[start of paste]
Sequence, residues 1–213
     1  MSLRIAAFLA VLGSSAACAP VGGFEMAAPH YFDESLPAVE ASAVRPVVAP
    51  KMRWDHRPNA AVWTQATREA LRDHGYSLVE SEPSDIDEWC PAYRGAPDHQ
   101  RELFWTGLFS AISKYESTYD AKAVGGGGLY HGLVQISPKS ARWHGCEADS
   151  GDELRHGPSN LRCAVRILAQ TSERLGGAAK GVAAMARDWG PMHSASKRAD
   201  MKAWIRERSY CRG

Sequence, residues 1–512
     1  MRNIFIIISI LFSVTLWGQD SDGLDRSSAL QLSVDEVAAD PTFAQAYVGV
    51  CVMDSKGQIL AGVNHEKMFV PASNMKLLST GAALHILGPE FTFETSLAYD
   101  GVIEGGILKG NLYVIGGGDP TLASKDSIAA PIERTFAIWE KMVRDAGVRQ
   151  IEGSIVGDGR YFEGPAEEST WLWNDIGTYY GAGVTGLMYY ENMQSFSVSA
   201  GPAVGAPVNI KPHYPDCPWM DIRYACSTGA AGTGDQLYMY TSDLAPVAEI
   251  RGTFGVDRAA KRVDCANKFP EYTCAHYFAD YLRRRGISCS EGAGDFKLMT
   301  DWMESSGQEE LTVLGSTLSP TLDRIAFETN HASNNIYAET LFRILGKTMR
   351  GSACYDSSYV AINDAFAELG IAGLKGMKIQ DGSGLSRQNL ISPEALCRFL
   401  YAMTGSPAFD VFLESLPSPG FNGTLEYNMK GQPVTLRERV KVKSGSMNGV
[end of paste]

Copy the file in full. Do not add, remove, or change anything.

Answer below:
Sequence, residues 1–213
     1  MSLRIAAFLA VLGSSAACAP VGGFEMAAPH YFDESLPAVE ASAVRPVVAP
    51  KMRWDHRPNA AVWTQATREA LRDHGYSLVE SEPSDIDEWC PAYRGAPDHQ
   101  RELFWTGLFS AISKYESTYD AKAVGGGGLY HGLVQISPKS ARWHGCEADS
   151  GDELRHGPSN LRCAVRILAQ TSERLGGAAK GVAAMARDWG PMHSASKRAD
   201  MKAWIRERSY CRG

Sequence, residues 1–512
     1  MRNIFIIISI LFSVTLWGQD SDGLDRSSAL QLSVDEVAAD PTFAQAYVGV
    51  CVMDSKGQIL AGVNHEKMFV PASNMKLLST GAALHILGPE FTFETSLAYD
   101  GVIEGGILKG NLYVIGGGDP TLASKDSIAA PIERTFAIWE KMVRDAGVRQ
   151  IEGSIVGDGR YFEGPAEEST WLWNDIGTYY GAGVTGLMYY ENMQSFSVSA
   201  GPAVGAPVNI KPHYPDCPWM DIRYACSTGA AGTGDQLYMY TSDLAPVAEI
   251  RGTFGVDRAA KRVDCANKFP EYTCAHYFAD YLRRRGISCS EGAGDFKLMT
   301  DWMESSGQEE LTVLGSTLSP TLDRIAFETN HASNNIYAET LFRILGKTMR
   351  GSACYDSSYV AINDAFAELG IAGLKGMKIQ DGSGLSRQNL ISPEALCRFL
   401  YAMTGSPAFD VFLESLPSPG FNGTLEYNMK GQPVTLRERV KVKSGSMNGV